“Family is good, but you are just supposed to love your family,” said Hannah Courtney. “We get to choose who we want to spend our lives with, and to me that is the best part.”
Courtney and her friend of over 20 years, Jenni Smith, met when they were in elementary school in McLeod, Texas.
“We were kind of had no choice but to be friends,” Smith said. “There were only 20 students in the entire grade.”
Both remember spending most of their younger days at Smith’s parent’s home because of its proximity to the school, which was located across the street. The girls would have sleepovers there, then wake up and walk to school in the mornings.
“I remember she had a sleepover — and, mind you, we do not do makeup for [our daughters] at this age — so for us to have a sleepover and do each others makeup was a big deal,” Courtney said. “I remember vividly: bright red lipstick, cheeks all done up. Blue and green on the eyes. At that age we were not allowed to have it, so it was fun to play with it. It’s funny because now we barely ever wear makeup, only once in a while for special occasions.”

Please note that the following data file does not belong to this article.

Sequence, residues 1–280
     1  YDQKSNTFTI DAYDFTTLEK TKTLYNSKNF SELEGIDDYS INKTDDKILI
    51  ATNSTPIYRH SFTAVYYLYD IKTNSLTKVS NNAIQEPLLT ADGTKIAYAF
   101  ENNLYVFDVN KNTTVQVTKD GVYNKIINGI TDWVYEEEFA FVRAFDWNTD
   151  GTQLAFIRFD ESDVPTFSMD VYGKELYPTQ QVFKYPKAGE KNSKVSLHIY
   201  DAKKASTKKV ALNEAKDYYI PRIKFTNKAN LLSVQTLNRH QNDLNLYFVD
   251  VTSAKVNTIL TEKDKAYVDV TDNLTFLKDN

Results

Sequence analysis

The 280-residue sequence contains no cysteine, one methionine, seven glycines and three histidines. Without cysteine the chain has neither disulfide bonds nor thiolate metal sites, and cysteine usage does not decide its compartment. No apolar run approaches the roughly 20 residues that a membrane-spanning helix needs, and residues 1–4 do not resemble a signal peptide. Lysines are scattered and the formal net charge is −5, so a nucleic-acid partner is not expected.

Since their childhood days, the two have survived a period of time in which Smith’s family moved across the country, then came back to McLeod, where the two spent their first two years of high school together. Smith then moved to Bossier City, where she graduated from Bossier High School. Courtney lived in Haughton for a few years, but moved back to McLeod and graduated high school.